All who visit must rent bikes for the day ($5), peddling south along the road lined with flora and fauna towards Manzanillo. Along the way, admire the howler monkeys screaming and the waves crashing. When you can see a clear path cut from the road to the beach, turn off and make a stop. The beaches are wild, untamed and rustic but that’s part of the fun. Continue south, stopping where you like until you reach Punta Uva and enjoy the sun and waves for the afternoon. To head back, ride north again for an hour.

6) Hammocks

If after the full day of crashing waves and biking your body is shutting down, you will find great comfort in finding a hammock stretched between two trees and rocking gently back and forth until you’re sound asleep. If you are up for more, head to Salsa Brava right off the main dirt road where you are staying, and watch the surfers ride big waves.

7) Rocking J’s

To mix it up check into Rocking J’s beach hostel, a ten-minute walk south on the main road. Bohemian, eclectic, hippy, all could be used to describe this place, but what’s important is that you’ll have a great time. Set along the water, this sprawling beach hostel offers cheap rooms, great food, and is one big party. The adjoining restaurant E’s, named after Cordon Bleu trained chef Eric, serves up a mix of American classics and Asian inspired fare.

8) BBQ

While the restaurant at J’s serves up great food, one of the perks of your new accommodation is the fully stocked kitchen and outdoor grill. Head to the local store across the street and collect what you’d like to cook up. The communal kitchen is great place to meet others, swap stories, and plan your night out.

9) In & Out

Staying in for the night is easy with the full bar at J’s featuring live music, cheap drink specials, and plenty of people from places you’ve never been.  To go out, head back to the downtown on the main dirt road and look for a place that’s packed with bodies. The nightlife stretches into the early hours, and probably should if this is your final night. Also check out the hedonistic bonfires by the beach at Rocking J’s.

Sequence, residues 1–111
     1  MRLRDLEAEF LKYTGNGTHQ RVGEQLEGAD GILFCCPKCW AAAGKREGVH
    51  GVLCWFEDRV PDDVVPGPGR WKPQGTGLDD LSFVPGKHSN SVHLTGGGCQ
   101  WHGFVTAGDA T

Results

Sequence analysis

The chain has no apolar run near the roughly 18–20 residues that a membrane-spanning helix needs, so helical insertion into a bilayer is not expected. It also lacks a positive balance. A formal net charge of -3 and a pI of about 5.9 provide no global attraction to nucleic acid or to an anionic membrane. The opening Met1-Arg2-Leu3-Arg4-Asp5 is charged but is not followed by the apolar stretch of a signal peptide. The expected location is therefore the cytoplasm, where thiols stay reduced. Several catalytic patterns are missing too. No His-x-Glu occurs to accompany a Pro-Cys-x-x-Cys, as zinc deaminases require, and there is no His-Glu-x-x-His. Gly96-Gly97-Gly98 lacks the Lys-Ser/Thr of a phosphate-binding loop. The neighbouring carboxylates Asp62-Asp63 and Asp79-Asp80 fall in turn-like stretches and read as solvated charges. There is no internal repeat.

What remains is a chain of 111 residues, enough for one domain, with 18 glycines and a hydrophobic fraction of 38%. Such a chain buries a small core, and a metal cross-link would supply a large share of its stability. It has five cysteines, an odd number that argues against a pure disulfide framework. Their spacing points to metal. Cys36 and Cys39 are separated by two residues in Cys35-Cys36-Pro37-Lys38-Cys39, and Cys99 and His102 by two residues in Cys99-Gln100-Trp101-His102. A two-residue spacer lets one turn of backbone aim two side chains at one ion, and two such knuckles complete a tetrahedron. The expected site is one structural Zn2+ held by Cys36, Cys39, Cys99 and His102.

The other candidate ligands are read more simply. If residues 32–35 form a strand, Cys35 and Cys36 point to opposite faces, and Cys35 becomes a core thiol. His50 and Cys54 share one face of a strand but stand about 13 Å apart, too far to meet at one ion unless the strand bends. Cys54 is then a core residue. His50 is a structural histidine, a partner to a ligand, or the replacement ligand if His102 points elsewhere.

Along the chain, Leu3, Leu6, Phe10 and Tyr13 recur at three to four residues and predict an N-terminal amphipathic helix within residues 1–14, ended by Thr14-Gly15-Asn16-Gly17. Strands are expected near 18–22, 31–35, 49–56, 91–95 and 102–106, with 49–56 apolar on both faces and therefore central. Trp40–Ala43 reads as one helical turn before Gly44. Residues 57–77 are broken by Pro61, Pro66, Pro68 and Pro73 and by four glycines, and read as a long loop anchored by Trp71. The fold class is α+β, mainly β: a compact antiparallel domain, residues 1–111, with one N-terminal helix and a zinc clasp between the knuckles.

10) Pancakes in the Sand

To start your day off right, whip up some pancakes in the full kitchen and eat while sitting out on a soft sand beach. If cooking just is not you’re thing, try walking south along the road and stopping at any restaurant with “Soda” in the name, where sign boards offer breakfast or lunch options.

11) Surfs Up

Just north of town sits Playa Negra, a stretch of beach with charcoal black sand and lapping, green waves. Locals know this is a great spot for surfing and rain or shine, you’ll find a group floating out beyond the break. If you are up for a lesson, make friends with a local or ask around for board rentals. But you can always swim, body surf, or make sandcastles if the board is too difficult. When it’s time to pack up and move on the bus stop heading back to San Jose will be filled, but no one will want to leave.


For budget travelers and groups, Rocking J’s offers camping/tent rentals for as low as ($6), private rooms for ($20), and various suites ($40-70 for groups). http://rockingjs.com/

The Lizard King Resort offers nice private rooms, hot showers, clean bathrooms, a bar/restaurant and a large pool. Rooms start at $35 for the night. Ask about specials and group rates.  http://www.lizardkingresort.com/